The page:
something like nigeria was made by enuapeors?.. this is true , but even european states have not always exisited. instead of dwelling on how the country was made, lets try and make the country work . dont u know that divisve talk like this makes nigeria not move forward. perhaps nigeria needs to seriously commemorate Biafra , but the problem is we are too proud a people to want to sit down and discuss some of the issues that Biafra , brought up. plus when people like Danjuma, and IBB are still around the biafra issue will not be dealt with properly. we need to apologise the each other 9 i.e. all the ‘tribes’) and try and move forward as one nigeria. and about igbo’s feeling marginalised, fair enuff there hasnt been an igbo president a while , however people like soludo, Ndi , and okonjo-Iweala , have shown excellent leadership in their respectiive areas. i pray for a naija that is less consumed with the politics of ethnicity , where people will vote for polticans PURELY on the basis of what that politican has to offer, not where he comes from . we are not the only african nation with different tribes ok , so can we just unite as a people and devlop our country so that the man on the street, where he is yoruba, igbo, hausa, ijaw, kalabari , ikwere, will be able to eat well and send his children to school.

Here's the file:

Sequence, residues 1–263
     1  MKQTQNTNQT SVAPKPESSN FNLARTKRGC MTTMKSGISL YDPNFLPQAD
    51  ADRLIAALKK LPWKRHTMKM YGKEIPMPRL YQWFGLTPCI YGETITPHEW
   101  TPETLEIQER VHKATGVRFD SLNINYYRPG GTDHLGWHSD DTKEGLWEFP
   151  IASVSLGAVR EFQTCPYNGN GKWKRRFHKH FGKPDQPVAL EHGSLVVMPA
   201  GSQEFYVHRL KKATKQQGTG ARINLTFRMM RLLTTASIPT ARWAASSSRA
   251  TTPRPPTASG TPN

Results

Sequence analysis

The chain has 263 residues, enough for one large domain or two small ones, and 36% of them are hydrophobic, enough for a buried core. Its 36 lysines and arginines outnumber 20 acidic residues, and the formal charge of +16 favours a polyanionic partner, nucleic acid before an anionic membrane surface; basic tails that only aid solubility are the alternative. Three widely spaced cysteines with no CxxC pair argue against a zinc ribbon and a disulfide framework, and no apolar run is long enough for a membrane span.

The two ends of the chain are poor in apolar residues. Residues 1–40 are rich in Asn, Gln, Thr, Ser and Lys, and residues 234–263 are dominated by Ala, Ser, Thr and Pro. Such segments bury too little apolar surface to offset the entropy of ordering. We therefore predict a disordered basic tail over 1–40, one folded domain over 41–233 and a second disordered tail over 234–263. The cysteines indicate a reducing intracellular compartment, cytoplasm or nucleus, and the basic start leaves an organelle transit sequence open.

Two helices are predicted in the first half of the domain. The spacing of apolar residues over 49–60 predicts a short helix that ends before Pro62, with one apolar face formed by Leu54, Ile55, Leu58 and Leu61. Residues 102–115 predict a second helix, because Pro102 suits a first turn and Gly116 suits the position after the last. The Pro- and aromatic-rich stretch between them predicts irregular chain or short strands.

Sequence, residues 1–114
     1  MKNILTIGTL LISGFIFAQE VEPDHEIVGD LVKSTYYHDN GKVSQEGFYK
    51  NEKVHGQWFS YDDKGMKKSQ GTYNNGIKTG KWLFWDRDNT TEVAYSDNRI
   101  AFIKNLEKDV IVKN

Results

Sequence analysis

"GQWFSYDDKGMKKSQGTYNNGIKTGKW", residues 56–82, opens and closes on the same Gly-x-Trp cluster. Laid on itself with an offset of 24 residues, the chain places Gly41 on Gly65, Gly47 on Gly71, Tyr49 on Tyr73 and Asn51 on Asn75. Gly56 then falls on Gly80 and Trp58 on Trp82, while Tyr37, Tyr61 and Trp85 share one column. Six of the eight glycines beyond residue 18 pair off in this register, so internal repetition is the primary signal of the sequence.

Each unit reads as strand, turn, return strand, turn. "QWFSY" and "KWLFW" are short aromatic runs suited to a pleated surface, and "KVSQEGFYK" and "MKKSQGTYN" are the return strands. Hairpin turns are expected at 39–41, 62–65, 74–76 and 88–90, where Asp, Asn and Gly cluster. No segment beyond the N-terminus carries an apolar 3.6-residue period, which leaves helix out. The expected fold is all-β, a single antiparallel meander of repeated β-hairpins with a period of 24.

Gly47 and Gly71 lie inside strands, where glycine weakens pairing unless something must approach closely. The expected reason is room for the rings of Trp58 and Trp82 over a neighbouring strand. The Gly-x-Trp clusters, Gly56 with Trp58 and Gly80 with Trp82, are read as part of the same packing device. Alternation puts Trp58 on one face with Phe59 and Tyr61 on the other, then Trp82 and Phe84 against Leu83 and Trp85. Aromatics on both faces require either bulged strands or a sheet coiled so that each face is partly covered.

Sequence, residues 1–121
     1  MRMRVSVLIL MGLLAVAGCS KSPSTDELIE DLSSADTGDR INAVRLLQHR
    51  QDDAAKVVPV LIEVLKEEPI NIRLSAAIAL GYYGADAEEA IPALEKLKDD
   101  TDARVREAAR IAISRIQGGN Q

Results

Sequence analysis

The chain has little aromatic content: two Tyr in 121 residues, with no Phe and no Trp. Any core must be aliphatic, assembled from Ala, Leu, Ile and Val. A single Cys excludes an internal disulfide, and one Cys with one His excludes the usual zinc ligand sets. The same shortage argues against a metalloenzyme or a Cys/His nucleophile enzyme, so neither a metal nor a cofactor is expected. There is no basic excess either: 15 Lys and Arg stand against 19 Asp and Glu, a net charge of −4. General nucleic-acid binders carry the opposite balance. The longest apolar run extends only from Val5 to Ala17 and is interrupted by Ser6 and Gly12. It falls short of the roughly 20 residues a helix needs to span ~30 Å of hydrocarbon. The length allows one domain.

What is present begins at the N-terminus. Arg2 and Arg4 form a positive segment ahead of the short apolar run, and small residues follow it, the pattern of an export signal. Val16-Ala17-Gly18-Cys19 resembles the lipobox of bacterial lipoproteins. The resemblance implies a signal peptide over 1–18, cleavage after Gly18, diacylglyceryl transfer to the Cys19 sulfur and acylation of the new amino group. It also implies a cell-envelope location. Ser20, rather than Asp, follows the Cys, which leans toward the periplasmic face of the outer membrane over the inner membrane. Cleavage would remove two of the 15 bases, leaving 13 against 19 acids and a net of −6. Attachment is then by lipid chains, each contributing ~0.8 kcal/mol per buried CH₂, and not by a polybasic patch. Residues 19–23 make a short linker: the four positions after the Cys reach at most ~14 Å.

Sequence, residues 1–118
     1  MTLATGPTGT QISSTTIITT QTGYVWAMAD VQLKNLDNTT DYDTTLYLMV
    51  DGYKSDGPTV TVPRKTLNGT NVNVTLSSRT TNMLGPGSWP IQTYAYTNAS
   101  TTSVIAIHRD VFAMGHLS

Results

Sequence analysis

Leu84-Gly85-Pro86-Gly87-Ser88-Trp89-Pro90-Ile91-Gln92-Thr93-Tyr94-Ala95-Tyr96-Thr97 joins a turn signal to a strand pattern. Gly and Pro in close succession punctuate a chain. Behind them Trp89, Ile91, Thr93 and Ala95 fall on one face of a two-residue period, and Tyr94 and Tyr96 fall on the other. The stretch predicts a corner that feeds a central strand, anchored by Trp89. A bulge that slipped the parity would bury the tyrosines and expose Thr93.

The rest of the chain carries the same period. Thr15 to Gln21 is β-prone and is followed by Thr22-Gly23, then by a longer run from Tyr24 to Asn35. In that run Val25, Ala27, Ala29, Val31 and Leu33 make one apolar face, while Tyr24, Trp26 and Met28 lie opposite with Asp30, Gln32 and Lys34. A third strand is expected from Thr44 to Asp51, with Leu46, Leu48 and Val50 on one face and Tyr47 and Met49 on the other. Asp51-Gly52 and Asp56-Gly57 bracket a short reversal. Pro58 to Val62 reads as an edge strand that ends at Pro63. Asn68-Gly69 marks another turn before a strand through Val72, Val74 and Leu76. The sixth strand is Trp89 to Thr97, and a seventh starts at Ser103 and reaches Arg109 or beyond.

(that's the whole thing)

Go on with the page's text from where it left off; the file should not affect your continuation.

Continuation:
1. Kenneth August 11, 2012 at 10:19 am

        I agree with making the country work. The point of the article is deciding on what terms the diversity will peacefully co-exist. All countries with diverstity have some form of internal squabbles. The Normans and Saxons in middle-age UK, the black and whites in the US, the Serbs and ??? in former Yugoslavia I believe and so on.

        The former Yugoslavians decided it was better for them to be separate states and now I believe they are competing in sports together. East and West Germany decided they could be together so they broke down the Berlin Walls. USSR agreed on division peacefully etc. Now the point is not divide Nigeria, the point is that the people and not the Elite should decide how we want to live peacefully together.